I needed to create the little machine and I needed to know which button to push to get [the crying] out like it is in the movie. And the fact that I was part of the rhythm of the scene and the Dardenne brothers being demanding, and I had a scene I get out of bed, put my shoes on and they wanted me to burst into tears when I put my second shoe on. This is super precise. And so I needed the ignition at the right moment. And sometimes it would come a little before, and a little after, or a little after, and they would come after the take and they would tell me, “It was great, but if it can happen really when you put your foot in the shoes, in the right shoe.” So I was like, “Yeah that’s what I’m trying to do!” After 20 takes, the story I had in my mind to fit in their rhythm didn’t work anymore. So I would use another story I had written, and then another and then another and after 50 takes, sometimes I would be out of dramatic scenes in my mind that would ignite this emotion at the right moment. I needed to create more things. My imagination was on all the time.

So there’s this whole prequel movie to “Two Days, One Night” living inside your head.

Well it’s super dramatic. Oh my god. I wouldn’t want to see it. It’s too dramatic.

Let’s talk about “The Immigrant.” That’s one of my most favorite movies this year. People were not talking about this movie. You’re amazing in it. You are stunning. Are you disappointed by the short shrift it has received?

It’s painful when you’ve worked on a movie with a director—I’m a huge fan of James Gray, I think he’s a true artist, and I know what it is to, I don’t know what it is from the inside, but I share my life with a director and I know what it is for a director to put three years of their life into a project. This project was very personal to James Gray. So many people working on this project, myself working a lot because of the Polish accent in American English and the Polish itself, which is a language that is, like, super hard to learn. Not that I learned to speak Polish. I had 20 pages of Polish, which was a lot. And the movie doesn’t encounter the audience, it’s painful.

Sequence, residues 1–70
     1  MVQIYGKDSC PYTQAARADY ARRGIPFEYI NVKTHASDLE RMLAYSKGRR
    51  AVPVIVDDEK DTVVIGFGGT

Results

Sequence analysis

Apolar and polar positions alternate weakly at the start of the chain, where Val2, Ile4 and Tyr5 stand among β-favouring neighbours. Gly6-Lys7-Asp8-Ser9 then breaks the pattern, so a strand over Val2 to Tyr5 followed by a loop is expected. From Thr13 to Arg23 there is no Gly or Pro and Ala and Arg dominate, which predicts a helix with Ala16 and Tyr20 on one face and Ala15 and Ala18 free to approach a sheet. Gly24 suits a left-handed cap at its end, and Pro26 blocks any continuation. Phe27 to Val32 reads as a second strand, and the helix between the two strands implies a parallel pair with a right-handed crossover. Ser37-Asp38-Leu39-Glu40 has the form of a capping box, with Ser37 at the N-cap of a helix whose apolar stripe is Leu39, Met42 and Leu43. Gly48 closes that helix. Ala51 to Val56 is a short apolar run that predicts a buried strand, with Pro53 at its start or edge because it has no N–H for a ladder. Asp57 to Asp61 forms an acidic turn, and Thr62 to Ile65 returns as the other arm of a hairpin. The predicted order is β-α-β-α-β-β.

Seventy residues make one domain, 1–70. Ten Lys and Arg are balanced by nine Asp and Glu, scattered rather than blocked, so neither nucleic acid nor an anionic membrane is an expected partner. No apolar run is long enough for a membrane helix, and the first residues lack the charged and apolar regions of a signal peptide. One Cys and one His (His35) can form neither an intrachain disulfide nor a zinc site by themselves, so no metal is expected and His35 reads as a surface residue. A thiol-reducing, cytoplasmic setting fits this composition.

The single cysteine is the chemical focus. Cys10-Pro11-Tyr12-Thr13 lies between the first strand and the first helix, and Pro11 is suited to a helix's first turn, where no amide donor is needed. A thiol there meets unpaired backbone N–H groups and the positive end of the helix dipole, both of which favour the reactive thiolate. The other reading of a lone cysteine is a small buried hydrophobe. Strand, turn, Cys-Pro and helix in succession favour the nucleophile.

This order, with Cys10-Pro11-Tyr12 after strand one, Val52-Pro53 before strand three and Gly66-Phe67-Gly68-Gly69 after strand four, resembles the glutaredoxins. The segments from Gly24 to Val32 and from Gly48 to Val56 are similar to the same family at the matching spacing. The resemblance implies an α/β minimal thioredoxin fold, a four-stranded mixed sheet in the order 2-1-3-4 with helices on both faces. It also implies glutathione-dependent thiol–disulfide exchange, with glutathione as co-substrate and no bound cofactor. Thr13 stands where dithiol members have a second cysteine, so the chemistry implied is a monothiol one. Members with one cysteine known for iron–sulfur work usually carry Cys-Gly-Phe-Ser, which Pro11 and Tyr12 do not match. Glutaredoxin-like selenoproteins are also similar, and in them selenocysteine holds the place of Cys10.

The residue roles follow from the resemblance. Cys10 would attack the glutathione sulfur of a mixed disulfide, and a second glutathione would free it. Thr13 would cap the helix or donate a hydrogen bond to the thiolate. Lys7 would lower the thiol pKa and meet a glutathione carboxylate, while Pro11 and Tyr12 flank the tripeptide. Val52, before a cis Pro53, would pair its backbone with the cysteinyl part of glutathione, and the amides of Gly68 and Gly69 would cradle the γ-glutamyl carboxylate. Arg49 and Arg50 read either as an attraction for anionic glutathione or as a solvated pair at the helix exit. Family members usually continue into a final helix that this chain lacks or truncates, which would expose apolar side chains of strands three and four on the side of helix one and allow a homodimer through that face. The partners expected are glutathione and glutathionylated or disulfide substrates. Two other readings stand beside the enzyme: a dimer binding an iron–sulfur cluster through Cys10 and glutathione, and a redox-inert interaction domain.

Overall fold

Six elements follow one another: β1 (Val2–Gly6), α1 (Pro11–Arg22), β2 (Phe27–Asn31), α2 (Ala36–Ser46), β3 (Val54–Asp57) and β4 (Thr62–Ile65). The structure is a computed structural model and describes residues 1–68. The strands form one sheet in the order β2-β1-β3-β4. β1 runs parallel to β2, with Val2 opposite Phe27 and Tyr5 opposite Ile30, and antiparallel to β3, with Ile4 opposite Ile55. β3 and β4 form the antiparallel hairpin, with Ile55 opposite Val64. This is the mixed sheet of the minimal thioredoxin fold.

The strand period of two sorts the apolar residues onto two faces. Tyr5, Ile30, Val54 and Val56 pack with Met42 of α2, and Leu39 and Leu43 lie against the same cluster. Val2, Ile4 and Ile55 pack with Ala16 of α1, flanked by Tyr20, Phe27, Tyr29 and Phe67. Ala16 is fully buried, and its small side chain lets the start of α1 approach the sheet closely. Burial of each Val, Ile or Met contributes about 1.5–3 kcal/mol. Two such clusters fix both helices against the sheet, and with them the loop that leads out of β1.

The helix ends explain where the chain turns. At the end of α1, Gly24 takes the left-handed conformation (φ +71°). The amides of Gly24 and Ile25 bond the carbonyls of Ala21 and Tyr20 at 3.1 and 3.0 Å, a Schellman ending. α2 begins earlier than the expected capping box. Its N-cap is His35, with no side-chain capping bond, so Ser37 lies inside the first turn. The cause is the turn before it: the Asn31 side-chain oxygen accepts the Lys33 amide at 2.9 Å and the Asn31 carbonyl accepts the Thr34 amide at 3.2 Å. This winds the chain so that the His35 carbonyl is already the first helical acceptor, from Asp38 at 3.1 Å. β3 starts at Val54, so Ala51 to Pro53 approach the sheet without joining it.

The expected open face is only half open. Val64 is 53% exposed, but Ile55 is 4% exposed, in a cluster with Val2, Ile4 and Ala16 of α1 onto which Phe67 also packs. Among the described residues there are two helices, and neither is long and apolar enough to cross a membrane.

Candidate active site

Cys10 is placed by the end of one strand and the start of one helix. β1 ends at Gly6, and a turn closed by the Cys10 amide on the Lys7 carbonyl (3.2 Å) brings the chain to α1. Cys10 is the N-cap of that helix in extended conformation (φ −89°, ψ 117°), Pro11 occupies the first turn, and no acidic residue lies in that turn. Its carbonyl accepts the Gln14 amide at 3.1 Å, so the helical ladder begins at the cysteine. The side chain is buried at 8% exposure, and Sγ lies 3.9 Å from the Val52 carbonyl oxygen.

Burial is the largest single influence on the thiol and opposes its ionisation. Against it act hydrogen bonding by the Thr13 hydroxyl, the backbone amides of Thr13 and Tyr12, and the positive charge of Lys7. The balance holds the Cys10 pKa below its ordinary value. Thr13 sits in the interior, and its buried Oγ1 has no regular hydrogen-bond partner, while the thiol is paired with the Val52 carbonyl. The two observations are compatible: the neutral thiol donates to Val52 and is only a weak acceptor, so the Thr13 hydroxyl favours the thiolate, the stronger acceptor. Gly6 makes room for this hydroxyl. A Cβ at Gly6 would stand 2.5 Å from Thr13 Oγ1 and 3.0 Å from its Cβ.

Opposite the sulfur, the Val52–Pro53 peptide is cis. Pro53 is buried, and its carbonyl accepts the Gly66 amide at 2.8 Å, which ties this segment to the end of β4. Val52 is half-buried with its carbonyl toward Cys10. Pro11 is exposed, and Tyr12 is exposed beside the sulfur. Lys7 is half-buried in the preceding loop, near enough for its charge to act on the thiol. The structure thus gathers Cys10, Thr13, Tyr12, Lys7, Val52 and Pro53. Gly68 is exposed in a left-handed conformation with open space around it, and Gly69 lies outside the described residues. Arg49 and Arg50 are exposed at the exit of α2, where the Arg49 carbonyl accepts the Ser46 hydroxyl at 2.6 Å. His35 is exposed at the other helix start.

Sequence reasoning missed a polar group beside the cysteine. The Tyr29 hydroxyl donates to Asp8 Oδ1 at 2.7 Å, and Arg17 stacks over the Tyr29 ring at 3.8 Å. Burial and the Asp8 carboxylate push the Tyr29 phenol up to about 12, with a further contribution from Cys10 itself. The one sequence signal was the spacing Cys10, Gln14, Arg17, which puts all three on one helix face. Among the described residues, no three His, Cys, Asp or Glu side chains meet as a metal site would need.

Why did that happen? Why did TWC drop the ball on this one?

Well. [Pauses] There a lot of things that I cannot really talk about.

I know. I thought I would try.

It’s not an easy movie, and today, I don’t know how to answer this question. When I do a movie and I think the movie’s really bad (and I would never answer a journalist “Well it didn’t work because the movie was really bad!”), it’s easy to answer a question of “Why do you think it didn’t work?” When it’s a movie I think is a beautiful movie, it’s hard to answer that question.

I love Ava. She is one of the great characters. At first she seems frail, and then as soon as she pricks her finger and smears the blood on her lips, I sat up in my chair. She’s knowing.

I loved being her. I loved her strength, and the fact that she is this little animal thrown into a world that she doesn’t know because she comes from horror in her country. It’s a tangible horror.

This should’ve been an Oscar contender.

Well you need money to do that, and we won’t have this money!